Acute Abdominal Pain in Children

 


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Am Fam Physician. 2016 May 15;93(10):830-837.

Author disclosure: No relevant financial affiliations.

Acute abdominal pain accounts for approximately 9% of childhood primary care office visits. Symptoms and signs that increase the likelihood of a surgical cause for pain include fever, bilious vomiting, bloody diarrhea, absent bowel sounds, voluntary guarding, rigidity, and rebound tenderness. The age of the child can help focus the differential diagnosis. In infants and toddlers, clinicians should consider congenital anomalies and other causes, including malrotation, hernias, Meckel diverticulum, or intussusception. In school-aged children, constipation and infectious causes of pain, such as gastroenteritis, colitis, respiratory infections, and urinary tract infections, are more common. In female adolescents, clinicians should consider pelvic inflammatory disease, pregnancy, ruptured ovarian cysts, or ovarian torsion. Initial laboratory tests include complete blood count, erythrocyte sedimentation rate or C-reactive protein, urinalysis, and a pregnancy test. Abdominal radiography can be used to diagnose constipation or obstruction. Ultrasonography is the initial choice in children for the diagnosis of cholecystitis, pancreatitis, ovarian cyst, ovarian or testicular torsion, pelvic inflammatory disease, pregnancy-related pathology, and appendicitis. Appendicitis is the most common cause of acute abdominal pain requiring surgery, with a peak incidence during adolescence. When the appendix is not clearly visible on ultrasonography, computed tomography or magnetic resonance imaging can be used to confirm the diagnosis.

Acute abdominal pain accounts for approximately 9% of childhood visits to primary care.1 The initial assessment of acute abdominal pain should focus on the severity of illness and whether there is a potential surgical cause of abdominal pain. For this article, surgical cause refers to a condition that may require surgical intervention. In children presenting to the emergency department with acute abdominal pain, the incidence of appendicitis or other causes needing surgical intervention ranges from 10% to 30%25; however, in general, the incidence of surgical acute abdominal pain is 2%.1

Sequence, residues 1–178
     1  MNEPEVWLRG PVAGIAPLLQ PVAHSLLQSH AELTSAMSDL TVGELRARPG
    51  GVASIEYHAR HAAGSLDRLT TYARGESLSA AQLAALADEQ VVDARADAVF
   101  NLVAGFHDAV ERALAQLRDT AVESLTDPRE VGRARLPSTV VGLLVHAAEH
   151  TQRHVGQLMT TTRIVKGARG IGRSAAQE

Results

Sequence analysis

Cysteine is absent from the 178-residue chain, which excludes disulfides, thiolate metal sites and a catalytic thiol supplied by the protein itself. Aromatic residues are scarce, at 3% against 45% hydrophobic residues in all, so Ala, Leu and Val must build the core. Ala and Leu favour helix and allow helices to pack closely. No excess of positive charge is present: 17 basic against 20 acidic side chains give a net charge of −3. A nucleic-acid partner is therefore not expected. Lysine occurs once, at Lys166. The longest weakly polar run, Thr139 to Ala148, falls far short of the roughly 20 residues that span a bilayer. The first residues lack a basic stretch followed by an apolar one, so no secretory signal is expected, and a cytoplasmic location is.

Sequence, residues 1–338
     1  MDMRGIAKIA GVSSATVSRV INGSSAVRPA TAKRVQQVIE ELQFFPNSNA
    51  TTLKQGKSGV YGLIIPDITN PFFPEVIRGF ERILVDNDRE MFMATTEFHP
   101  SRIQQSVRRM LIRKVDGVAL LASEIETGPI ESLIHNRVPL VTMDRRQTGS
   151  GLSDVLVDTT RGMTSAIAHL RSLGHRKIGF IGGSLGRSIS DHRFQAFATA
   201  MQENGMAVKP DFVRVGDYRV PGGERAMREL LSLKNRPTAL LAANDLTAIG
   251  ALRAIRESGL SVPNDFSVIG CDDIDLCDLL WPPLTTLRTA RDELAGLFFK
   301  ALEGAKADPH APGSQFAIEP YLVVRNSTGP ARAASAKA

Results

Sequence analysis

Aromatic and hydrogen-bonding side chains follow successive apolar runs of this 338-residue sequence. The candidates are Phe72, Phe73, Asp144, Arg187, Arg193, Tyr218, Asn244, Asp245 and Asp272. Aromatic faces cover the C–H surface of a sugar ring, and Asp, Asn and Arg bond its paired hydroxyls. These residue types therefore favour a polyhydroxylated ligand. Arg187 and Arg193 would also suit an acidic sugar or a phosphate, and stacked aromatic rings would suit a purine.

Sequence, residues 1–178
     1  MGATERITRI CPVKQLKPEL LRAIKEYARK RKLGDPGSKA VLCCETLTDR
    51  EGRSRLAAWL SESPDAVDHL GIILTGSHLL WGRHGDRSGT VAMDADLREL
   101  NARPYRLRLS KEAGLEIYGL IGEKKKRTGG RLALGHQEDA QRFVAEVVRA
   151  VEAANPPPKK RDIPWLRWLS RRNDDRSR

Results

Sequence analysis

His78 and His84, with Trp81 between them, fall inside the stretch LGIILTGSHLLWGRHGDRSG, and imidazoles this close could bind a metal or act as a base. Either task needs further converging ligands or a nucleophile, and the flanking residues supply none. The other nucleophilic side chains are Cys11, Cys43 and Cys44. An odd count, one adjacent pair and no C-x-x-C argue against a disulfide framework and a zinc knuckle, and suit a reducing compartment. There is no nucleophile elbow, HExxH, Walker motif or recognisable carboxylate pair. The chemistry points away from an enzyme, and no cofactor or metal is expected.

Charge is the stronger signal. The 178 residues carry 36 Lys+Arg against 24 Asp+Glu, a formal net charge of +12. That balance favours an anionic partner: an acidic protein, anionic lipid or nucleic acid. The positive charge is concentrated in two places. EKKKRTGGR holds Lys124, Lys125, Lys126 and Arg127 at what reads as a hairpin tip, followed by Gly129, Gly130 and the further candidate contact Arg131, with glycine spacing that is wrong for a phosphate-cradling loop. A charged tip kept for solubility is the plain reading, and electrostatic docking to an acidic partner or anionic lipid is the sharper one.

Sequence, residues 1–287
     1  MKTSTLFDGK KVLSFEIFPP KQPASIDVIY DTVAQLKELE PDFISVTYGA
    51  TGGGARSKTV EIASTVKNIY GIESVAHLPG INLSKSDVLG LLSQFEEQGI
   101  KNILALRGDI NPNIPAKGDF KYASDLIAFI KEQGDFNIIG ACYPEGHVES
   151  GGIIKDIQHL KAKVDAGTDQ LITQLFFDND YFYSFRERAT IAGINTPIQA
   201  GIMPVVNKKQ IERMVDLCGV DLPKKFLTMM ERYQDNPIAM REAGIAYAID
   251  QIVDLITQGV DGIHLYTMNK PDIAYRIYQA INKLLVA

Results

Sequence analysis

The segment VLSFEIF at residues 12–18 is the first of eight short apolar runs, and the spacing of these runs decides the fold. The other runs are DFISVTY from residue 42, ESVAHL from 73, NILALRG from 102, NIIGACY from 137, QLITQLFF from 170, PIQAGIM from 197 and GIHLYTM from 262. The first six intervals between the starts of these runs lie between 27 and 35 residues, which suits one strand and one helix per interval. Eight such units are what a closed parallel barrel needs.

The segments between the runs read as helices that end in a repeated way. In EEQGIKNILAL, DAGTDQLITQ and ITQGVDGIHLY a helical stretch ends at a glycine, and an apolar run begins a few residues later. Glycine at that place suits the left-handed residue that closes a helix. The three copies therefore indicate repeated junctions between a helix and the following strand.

View/Print Table

BEST PRACTICES IN EMERGENCY MEDICINE: RECOMMENDATIONS FROM THE CHOOSING WISELY CAMPAIGN

RecommendationSponsoring organization

Computed tomography is not necessary in the routine evaluation of abdominal pain.

American Academy of Pediatrics

Do not do computed tomography for the evaluation of suspected appendicitis in children until after ultrasonography has been considered as an option.

American College of Surgeons


Source: For more information on the Choosing Wisely Campaign, see http://www.choosingwisely.org. For supporting citations and to search Choosing Wisely recommendations relevant to primary care, see http://www.aafp.org/afp/recommendations/search.htm.

BEST PRACTICES IN EMERGENCY MEDICINE: RECOMMENDATIONS FROM THE CHOOSING WISELY CAMPAIGN

RecommendationSponsoring organization

Computed tomography is not necessary in the routine evaluation of abdominal pain.

American Academy of Pediatrics

Do not do computed tomography for the evaluation of suspected appendicitis in children until after ultrasonography has been considered as an option.

American College of Surgeons


Source: For more information on the Choosing Wisely Campaign, see http://www.choosingwisely.org. For supporting citations and to search Choosing Wisely recommendations relevant to primary care, see http://www.aafp.org/afp/recommendations/search.htm.

View/Print Table

SORT: KEY RECOMMENDATIONS FOR PRACTICE

Clinical recommendationEvidence ratingReferences

Urinalysis, complete blood count, pregnancy test, and erythrocyte sedimentation rate or C-reactive protein should be the initial laboratory tests in the evaluation of acute abdominal pain in children.

C

1518

Ultrasonography is the imaging choice for acute abdominal pain in children.

C

2328

Opiates may be safely used in children with acute abdominal pain without delaying or affecting the accuracy of diagnosis.

A

3436


A = consistent, good-quality patient-oriented evidence; B = inconsistent or limited-quality patient-oriented evidence; C = consensus, disease-oriented evidence, usual practice, expert opinion, or case series. For information about the SORT evidence rating system, go to http://www.aafp.org/afpsort.

SORT: KEY RECOMMENDATIONS FOR PRACTICE

Clinical recommendationEvidence ratingReferences

Urinalysis, complete blood count, pregnancy test, and erythrocyte sedimentation rate or C-reactive protein should be the initial laboratory tests in the evaluation of acute abdominal pain in children.

C

1518

Ultrasonography is the imaging choice for acute abdominal pain in children.

C

2328

Opiates may be safely used in children with acute abdominal pain without delaying or affecting the accuracy of diagnosis.

A

3436


A = consistent, good-quality patient-oriented evidence; B = inconsistent or limited-quality patient-oriented evidence; C = consensus, disease-oriented evidence, usual practice, expert opinion, or case

The Authors

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CARIN E. REUST, MD, MSPH, is an associate professor in clinical family and community medicine at the University of Missouri–Columbia....

AMY WILLIAMS, MD, MSPH is an assistant professor in clinical family and community medicine at the University of Missouri–Columbia.

Address correspondence to Carin E. Reust, MD, MSPH, University of Missouri–Columbia, MA 303 HSC, Columbia, MO 65212 (e-mail: reustc@health.missouri.edu). Reprints are not available from the authors.

Author disclosure: No relevant financial affiliations.

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